Pain Drug Overdose Led to Brain Damage

By Ray Huard

UNION-TRIBUNE STAFF WRITER

California

November 27, 2008

 

EAST COUNTY COURTS – An El Cajon woman who was permanently brain damaged as a result of the care she received at a county-owned nursing home has been awarded $1.6 million in a court settlement.

 

Ruth Lomeo, 44, is unable to care for herself and has limited ability to communicate with her 9-year-old son and her mother, William M. Berman, her lawyer, said in an interview yesterday.

“She can talk, although she communicates now like a 5-year-old,” Berman said. “She needs assistance with all the activities of daily living.”

In July 2005, Lomeo was given an overdose of a pain medication, and nurses at Edgemoor Geriatric Hospital in Santee waited 20 minutes to call 911 when Lomeo began to have trouble breathing, Berman said.

Lomeo sustained brain damage from a lack of oxygen.

Her lawyers initially sued the county for $2 million in damages. They accepted $1.6 million to provide for her continuing care in a settlement approved Friday by El Cajon Superior Court Judge Eddie C. Sturgeon, Berman said.

Senior Deputy County Counsel Dave Axtman said the county admitted no liability but “made a business decision” to the settle rather than risk a costlier jury verdict if the case went to trial.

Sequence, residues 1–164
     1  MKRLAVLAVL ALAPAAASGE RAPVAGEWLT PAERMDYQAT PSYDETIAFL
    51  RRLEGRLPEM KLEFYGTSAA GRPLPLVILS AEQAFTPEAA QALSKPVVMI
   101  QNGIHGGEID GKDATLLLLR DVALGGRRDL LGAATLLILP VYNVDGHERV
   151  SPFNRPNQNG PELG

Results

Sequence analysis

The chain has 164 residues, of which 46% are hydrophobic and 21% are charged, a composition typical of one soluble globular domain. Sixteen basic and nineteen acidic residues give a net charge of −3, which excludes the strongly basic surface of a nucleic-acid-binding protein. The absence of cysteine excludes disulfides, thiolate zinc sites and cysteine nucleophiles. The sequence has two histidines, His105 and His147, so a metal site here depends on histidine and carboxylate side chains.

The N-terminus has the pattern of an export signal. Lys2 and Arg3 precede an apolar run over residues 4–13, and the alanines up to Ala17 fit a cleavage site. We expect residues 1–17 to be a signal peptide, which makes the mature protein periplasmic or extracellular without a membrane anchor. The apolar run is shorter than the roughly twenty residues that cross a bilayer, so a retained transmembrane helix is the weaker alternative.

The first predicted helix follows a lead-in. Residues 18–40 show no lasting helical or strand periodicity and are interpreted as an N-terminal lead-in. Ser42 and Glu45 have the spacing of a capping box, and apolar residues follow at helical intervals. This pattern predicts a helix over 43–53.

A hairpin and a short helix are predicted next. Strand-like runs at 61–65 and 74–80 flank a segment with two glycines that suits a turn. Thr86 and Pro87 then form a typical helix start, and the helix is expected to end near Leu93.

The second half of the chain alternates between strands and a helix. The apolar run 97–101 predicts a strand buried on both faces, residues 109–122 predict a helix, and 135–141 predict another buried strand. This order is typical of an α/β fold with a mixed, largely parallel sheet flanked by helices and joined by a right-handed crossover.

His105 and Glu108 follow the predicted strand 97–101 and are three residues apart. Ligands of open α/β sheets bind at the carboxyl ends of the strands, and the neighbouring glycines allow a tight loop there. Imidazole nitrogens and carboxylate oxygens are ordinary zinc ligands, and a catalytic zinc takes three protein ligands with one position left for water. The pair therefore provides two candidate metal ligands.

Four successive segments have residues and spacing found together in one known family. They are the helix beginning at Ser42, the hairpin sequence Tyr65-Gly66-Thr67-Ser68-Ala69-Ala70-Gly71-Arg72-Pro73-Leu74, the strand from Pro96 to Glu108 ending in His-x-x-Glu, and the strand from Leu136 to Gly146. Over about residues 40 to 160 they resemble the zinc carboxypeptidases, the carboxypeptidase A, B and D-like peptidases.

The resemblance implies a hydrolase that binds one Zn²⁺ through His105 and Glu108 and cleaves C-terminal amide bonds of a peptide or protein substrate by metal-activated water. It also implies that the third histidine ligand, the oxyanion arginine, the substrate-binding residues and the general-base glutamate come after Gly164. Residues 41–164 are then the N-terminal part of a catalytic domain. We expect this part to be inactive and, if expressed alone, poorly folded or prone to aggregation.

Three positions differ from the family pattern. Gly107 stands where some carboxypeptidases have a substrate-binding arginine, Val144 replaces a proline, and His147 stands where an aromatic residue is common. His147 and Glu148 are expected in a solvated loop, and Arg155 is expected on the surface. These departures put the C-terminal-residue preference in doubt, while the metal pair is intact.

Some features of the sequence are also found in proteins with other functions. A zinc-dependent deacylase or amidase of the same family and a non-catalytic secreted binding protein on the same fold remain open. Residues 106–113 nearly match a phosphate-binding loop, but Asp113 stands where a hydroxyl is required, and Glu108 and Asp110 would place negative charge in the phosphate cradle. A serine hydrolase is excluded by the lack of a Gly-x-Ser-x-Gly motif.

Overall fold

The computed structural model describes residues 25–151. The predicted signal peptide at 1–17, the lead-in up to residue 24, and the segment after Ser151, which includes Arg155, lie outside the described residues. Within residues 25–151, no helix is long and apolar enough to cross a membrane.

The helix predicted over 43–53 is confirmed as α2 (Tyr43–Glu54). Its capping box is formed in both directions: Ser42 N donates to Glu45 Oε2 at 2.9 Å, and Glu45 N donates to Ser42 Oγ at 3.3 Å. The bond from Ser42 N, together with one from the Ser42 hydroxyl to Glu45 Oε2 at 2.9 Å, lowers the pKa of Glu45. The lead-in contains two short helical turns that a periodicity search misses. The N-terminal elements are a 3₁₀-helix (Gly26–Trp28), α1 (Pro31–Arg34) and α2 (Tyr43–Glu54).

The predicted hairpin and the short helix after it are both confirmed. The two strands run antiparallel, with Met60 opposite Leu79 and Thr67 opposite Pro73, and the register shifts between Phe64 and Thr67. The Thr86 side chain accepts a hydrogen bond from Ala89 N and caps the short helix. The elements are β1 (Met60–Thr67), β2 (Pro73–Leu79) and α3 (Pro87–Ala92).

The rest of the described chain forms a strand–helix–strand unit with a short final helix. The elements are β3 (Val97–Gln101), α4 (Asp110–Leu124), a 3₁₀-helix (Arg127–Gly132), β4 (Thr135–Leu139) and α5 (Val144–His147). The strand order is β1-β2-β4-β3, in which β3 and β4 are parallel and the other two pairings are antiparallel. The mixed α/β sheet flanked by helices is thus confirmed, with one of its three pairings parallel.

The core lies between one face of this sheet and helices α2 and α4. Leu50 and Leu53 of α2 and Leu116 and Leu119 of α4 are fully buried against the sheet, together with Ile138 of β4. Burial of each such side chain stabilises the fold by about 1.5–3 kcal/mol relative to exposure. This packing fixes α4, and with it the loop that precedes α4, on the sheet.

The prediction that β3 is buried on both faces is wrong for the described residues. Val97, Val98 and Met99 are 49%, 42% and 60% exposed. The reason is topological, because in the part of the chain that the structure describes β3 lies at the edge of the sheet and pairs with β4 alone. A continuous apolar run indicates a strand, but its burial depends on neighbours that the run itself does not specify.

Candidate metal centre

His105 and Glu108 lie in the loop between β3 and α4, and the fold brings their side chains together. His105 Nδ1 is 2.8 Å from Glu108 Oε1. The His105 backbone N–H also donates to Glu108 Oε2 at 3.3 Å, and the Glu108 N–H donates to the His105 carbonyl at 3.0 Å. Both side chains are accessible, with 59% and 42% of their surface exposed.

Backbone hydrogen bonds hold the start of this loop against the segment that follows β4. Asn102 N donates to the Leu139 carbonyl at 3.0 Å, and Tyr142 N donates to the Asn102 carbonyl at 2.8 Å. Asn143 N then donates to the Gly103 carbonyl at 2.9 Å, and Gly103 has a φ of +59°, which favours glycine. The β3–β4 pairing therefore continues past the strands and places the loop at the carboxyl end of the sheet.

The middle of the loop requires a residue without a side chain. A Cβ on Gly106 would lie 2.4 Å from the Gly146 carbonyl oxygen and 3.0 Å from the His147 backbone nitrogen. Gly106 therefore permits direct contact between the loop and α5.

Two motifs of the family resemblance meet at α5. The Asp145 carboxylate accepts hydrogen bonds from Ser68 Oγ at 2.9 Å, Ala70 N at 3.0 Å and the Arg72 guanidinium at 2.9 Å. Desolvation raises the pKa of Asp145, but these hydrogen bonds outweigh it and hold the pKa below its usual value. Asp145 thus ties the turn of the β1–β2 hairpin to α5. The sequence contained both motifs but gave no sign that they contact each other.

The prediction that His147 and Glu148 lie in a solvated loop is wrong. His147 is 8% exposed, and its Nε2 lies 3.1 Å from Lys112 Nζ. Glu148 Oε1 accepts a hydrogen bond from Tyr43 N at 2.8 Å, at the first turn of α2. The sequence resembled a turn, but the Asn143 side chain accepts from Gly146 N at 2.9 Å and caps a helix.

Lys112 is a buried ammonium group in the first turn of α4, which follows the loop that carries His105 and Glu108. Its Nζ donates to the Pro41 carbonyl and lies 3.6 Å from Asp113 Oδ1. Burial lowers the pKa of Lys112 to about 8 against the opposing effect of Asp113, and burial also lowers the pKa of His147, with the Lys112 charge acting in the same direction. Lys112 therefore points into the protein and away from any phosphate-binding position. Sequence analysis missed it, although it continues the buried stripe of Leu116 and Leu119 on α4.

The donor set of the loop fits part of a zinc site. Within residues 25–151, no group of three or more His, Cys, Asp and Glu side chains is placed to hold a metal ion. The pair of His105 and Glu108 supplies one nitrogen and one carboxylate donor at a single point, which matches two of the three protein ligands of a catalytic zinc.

“All of the underlying facts were disputed,” Axtman said in an e-mail.

He said any deficiencies at the nursing home have been corrected.

Lomeo was transferred to Edgemoor from UCSD Medical Center in April 2005, Berman said. Lomeo had been in the hospital since November 2004 for treatment of lupus, a chronic inflammatory disease that can affect various parts of the body, especially the skin, joints, blood, and kidneys, Berman said.

Lomeo no longer needed the intense care of a hospital but was sent to the nursing home for further treatment.

At the nursing home, Lomeo had been prescribed the pain killer fentanyl, to be administered in the form of two skin patches on alternating arms every 48 hours, Berman said. On July 25, 2005, those treating Lomeo left one patch on one arm and put two patches on the other, causing the overdose, Berman said.

When Lomeo had trouble breathing just before 10 p.m., the nurse at Edgemoor called her supervisor and a nursing home doctor to ask permission to call 911.

It wasn’t until 10:21 p.m. that the nurse called 911. Medics arrived at 10:27 and took Lomeo to Grossmont Hospital, Berman said.

“Unfortunately, the damage had been done,” Berman said.

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